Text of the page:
More PhDs, Fewer Jobs

Obtaining a tenure-track professorship has always been the ultimate goal of a Ph.D. program. In the past, that made sense. But now, not so much.

There was a time not long ago when being a college professor was a good job that paid well and offered a reasonable level of security. During that golden era of the university, grad programs started flooding with students hoping to land that dream job. And for about 40 years, everything worked just fine. Lots of students, lots of professors, lots of jobs.

Not surprisingly, the growth of Ph.D. degrees awarded in America corresponded directly with the post-WWII expansion of higher education. The chart below illustrates the rapid increase in the number of doctoral degrees awarded over the past several decades.

As the chart reflects, from 1950 to 2006, the number of Ph.D.s awarded each decade increased dramatically.

So did the number of students enrolled in American universities.

Between 1970 and 2009, the total number of students enrolled in college grew steadily from about 7.5 million to 17.5 million. Two years later, in 2011, that number had jumped to 20.6 million.

The past two years have both seen a slight decline in total enrollment (19.9 million in 2013), but the drop is not nearly enough to dramatically affect professor hiring practices nationally.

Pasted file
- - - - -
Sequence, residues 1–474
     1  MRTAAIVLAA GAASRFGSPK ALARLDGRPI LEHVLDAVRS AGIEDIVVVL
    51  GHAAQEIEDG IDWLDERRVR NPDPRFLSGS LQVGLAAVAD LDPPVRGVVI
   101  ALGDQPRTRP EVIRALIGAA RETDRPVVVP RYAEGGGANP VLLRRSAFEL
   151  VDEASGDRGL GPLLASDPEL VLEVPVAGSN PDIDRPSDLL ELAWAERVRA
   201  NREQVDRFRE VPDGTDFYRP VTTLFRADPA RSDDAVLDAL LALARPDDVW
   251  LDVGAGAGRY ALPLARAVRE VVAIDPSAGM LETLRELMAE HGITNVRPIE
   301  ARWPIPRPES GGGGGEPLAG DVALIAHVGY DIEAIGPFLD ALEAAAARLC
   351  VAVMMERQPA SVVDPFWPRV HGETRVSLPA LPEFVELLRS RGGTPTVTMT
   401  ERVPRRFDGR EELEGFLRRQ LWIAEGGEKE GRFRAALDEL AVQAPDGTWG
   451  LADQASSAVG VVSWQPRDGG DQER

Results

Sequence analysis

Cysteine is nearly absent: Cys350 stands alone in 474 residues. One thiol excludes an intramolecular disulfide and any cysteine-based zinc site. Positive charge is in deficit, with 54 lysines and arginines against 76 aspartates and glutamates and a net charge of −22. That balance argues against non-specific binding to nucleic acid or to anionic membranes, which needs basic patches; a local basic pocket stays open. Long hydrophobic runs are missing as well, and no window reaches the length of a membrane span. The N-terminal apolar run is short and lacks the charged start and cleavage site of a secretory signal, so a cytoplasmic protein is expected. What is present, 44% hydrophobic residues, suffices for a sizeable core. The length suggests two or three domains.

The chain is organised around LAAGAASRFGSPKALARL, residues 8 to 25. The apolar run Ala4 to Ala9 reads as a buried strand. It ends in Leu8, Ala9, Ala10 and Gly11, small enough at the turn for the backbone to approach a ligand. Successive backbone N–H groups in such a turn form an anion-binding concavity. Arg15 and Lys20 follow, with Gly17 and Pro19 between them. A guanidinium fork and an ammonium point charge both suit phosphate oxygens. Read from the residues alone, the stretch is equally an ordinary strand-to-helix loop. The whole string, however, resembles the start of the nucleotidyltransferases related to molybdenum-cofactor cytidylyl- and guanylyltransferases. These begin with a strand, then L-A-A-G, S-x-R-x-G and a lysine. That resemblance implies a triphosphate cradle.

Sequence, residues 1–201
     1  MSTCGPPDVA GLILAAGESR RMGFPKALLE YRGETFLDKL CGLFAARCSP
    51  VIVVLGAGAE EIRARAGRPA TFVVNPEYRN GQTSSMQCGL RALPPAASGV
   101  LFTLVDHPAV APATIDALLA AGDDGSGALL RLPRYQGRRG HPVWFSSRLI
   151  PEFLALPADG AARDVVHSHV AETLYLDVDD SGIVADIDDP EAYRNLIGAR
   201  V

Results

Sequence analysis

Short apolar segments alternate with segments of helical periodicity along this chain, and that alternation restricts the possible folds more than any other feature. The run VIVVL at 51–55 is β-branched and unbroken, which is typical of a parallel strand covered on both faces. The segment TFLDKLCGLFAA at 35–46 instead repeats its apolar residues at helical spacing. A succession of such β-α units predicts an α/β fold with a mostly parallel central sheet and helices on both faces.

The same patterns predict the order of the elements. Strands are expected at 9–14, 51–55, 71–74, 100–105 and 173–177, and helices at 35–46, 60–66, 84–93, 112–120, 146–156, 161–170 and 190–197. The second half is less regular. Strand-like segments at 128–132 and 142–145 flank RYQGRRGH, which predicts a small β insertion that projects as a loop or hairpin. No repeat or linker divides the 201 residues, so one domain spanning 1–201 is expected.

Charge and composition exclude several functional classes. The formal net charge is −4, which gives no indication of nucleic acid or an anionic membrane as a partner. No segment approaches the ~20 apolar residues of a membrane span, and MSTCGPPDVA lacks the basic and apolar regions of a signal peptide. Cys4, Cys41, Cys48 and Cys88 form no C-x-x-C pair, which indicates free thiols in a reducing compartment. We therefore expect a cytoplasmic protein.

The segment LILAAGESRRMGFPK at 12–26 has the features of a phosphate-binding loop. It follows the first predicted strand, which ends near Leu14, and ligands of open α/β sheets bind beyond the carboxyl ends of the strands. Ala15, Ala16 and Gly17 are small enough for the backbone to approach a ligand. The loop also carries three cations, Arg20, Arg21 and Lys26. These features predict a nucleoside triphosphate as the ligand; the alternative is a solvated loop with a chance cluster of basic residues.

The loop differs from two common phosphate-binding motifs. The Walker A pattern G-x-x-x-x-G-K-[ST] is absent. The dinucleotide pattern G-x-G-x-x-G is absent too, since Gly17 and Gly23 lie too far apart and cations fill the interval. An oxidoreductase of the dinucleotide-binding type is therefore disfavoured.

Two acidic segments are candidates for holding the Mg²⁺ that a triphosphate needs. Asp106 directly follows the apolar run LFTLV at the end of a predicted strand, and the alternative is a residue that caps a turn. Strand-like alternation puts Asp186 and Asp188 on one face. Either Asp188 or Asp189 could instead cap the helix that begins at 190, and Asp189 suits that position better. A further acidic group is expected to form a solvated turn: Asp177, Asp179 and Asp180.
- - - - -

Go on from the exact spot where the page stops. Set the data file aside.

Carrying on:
Therefore, it makes sense that colleges would need to increase the number of professors in order to meet their staffing needs as they responded to the growing student population. More students, more professors, more jobs, right? Not so fast.

Here’s the problem. Not all professor jobs are created equally.

The number of students enrolled in college has not waned, but the number of full-time teaching appointments has. Approximately the same number of teachers are needed, but those teaching positions are increasingly filled with low-paid, part-time contingent laborers rather than the tenure-track professors of decades past. More students, more Ph.D.s, fewer jobs.

The result of this growing supply and shrinking demand is a surplus labor problem that is facilitating the exploitation of these highly-skilled workers.

Graduate programs really only have two reasonable responses to this labor surplus and shift in hiring practices.

1) Stop accepting and graduating so many Ph.D.s.

But, as the Ph.D. chart above reveals, graduate programs have not yet begun to taper their acceptance rates. Shrinking the size of their programs would be one way to address the surplus labor problem.

2) Start training Ph.D.s for careers other than university professor.

Creating career tracks outside of the academy would diffuse the labor market and release the hiring bottleneck, thereby alleviating the downward pressure on wages.

Fewer candidates in the hiring pool would restore some leverage to applicants and, presumably, raise wages or at least incentivize colleges to reinstate full-time positions.

The American Historical Association (AHA) announced today that a $1.6 million dollar grant from the Andrew W. Mellon Foundation would be used to broaden career paths for Ph.D.s. Definitely a step in the right direction.

If new career paths can be created, the “problem” of the Ph.D. surplus will be solved. As AHA Executive Director James R. Grossman says, the problem is not so much overproduction as it is underutilization.